Corn planting starts slowly
Last week saw the first of the 2014 Crop Reports, which come out every Monday from mid-April through the end of November, and corn plantings are roughly in line with last year’s delayed planting.
According to the report, 3 percent of the 2014/2015 corn crop is in the ground. This compares with 2 percent the same week last year, and the 5-year average of 6 percent. While warmer corn regions have already planted a good chunk of the crop—57 percent in Texas and 20 percent in North Carolina—cold soil temperatures and excessive soil moisture has reportedly kept tractors in the shed in the Corn Belt.
Steve Meyer and Len Steiner of the CME Daily Livestock Report pointed out that this isn’t necessarily an issue, however.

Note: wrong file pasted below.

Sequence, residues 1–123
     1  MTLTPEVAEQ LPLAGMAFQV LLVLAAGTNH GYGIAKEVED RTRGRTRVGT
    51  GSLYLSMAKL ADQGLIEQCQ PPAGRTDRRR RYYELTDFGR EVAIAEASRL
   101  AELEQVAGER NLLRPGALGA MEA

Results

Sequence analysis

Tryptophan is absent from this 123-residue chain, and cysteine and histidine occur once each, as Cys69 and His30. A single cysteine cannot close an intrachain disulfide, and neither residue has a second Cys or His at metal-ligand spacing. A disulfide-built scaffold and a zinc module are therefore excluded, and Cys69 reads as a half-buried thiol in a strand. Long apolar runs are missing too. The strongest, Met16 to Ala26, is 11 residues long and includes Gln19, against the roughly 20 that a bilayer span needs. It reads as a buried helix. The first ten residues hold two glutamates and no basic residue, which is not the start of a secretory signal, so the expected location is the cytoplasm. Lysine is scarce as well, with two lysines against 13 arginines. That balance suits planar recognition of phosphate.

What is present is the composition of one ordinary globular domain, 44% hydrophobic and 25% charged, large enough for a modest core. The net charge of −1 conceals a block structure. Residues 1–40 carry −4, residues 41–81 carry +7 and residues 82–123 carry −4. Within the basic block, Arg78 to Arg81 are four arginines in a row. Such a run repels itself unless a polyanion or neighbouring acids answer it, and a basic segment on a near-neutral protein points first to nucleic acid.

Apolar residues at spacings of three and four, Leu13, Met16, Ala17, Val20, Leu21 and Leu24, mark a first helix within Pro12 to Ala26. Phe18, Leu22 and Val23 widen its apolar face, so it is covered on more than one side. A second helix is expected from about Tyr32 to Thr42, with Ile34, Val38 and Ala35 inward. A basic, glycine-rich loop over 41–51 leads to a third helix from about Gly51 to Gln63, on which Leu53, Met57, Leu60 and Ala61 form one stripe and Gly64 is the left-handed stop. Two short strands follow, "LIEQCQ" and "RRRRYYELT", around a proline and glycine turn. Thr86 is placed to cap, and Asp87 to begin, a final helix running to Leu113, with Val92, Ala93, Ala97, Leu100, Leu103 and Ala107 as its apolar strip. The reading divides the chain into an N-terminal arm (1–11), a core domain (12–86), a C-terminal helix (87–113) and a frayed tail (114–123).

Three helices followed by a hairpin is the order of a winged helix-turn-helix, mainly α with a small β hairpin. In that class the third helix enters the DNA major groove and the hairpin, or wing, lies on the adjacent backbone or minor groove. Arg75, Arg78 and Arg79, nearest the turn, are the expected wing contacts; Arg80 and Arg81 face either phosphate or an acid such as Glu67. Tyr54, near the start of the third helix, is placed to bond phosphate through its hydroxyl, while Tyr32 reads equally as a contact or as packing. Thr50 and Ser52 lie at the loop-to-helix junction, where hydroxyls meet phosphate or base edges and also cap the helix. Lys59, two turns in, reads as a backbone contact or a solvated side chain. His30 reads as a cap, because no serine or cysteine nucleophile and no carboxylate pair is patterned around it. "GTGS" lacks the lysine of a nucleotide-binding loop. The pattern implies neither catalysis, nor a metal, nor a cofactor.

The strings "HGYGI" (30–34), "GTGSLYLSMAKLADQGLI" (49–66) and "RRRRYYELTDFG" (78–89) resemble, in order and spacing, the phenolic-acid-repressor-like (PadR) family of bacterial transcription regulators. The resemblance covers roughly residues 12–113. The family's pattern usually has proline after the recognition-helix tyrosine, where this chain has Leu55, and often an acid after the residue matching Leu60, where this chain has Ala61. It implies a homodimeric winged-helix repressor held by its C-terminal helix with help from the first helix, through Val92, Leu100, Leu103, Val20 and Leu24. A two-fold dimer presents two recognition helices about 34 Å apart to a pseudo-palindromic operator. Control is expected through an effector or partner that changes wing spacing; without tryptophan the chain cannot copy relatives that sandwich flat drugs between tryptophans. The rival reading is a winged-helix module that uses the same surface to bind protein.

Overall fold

“Debate and speculation about the pace of corn plantings in April is a ritual of spring that makes for interesting conversation (at least among farmers and market participants) but it has been proved over time to offer little in terms of real implications for corn supplies come harvest time,” they noted. They went on to explain that years in which planting speed was less than usual did not necessarily translate to reduced yields. The opposite was also true; early plantings do not necessitate increased yields.
“Is this a risk for yields down the road? Of course, but much will depend on May rather than mid-April weather.”
This year’s Prospective Plantings report, issued March 31, showed corn planting intentions of surveyed U.S. farmers at 91.7 million acres. If realized, that acreage will be the fifth largest corn acreage since 1944, but also the lowest since 2010. — WLJ